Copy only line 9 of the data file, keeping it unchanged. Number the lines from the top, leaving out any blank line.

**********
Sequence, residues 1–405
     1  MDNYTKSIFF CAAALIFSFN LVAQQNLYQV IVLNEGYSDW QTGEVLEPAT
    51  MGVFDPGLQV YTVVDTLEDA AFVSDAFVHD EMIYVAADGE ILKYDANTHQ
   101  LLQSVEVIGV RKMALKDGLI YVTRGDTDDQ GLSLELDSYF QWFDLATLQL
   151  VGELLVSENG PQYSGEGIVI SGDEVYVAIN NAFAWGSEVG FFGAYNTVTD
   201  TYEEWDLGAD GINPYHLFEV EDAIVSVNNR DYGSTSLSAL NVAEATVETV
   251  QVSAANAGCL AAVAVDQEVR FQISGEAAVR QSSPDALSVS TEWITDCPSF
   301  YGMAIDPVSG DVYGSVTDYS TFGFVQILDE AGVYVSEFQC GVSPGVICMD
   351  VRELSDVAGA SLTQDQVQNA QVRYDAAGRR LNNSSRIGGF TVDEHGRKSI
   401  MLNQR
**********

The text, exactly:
   351  VRELSDVAGA SLTQDQVQNA QVRYDAAGRR LNNSSRIGGF TVDEHGRKSI